• You’ll need regular check-ups. You can’t just get a dose of testosterone and be on your way. You should be checked for heart disease and stroke before and while on testosterone. And you may need regular follow-ups with a healthcare provider to see if TRT is working.

  • You might be in it for the long haul. When taking synthetic testosterone, your body slows down or stops producing its own supply of the hormone. This means you may not be able to stop testosterone therapy once you start. If you suddenly stop TRT, symptoms of low testosterone could come back.

How to Boost Testosterone Without TRT

If hormone replacement therapy isn’t for you, don’t fret. TRT isn’t the only way to boost testosterone — lifestyle changes can also make a difference.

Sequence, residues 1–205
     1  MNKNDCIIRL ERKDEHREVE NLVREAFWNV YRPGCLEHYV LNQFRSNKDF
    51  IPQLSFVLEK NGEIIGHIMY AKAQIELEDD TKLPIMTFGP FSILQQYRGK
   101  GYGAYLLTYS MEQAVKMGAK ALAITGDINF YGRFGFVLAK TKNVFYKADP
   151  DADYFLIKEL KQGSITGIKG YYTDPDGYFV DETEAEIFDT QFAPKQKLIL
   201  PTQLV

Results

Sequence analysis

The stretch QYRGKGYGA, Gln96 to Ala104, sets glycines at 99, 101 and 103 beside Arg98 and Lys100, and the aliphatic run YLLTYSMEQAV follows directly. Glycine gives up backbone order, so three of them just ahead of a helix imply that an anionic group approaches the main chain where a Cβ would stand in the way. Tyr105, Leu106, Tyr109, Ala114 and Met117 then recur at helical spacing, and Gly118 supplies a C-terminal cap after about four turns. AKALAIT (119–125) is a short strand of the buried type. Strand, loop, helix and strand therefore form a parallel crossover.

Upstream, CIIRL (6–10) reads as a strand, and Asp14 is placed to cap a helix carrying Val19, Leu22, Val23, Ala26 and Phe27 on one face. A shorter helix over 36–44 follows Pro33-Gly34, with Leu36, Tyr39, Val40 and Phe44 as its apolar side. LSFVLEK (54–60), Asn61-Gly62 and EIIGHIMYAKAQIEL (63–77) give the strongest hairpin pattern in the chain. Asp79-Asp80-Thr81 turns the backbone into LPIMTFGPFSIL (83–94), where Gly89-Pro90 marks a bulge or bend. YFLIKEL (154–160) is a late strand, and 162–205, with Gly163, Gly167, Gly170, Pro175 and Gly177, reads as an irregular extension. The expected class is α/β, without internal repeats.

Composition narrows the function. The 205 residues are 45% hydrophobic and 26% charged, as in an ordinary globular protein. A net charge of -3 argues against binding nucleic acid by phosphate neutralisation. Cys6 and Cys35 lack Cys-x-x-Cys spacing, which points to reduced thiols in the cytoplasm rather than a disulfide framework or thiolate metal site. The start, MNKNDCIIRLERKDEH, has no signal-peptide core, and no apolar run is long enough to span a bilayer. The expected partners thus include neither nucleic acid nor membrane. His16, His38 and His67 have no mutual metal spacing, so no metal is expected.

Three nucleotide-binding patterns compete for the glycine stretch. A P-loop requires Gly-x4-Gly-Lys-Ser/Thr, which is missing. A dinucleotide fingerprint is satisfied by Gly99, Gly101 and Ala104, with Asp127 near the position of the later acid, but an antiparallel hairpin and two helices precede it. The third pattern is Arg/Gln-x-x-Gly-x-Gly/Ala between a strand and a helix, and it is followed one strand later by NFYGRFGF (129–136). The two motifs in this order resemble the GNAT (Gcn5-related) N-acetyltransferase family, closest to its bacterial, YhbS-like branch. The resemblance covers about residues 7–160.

Here’s how you can increase testosterone levels naturally: 

  • Exercise regularly. Aim for a mix of aerobic exercise (think running, cycling or swimming) and strength training (like weight lifting or bodyweight exercises).

  • Eat a healthy diet. Eat a diet rich in fresh fruits and veggies, complex carbs, proteins and healthy fats.

  • Try testosterone boosters. Natural testosterone boosters include ginseng, ashwagandha and fenugreek. (Psst — check out more foods that boost testosterone in our blog).

  • Get enough sleep. You know the drill. Aim for at least seven hours of solid shut-eye a night.

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If you’re experiencing symptoms of low testosterone, you might be eyeing up testosterone therapy as a treatment option. 

Here’s a quick recap of what you need to know: 

  • TRT can help improve some symptoms of low testosterone. It may increase your energy levels and libido and improve mild ED. Woo!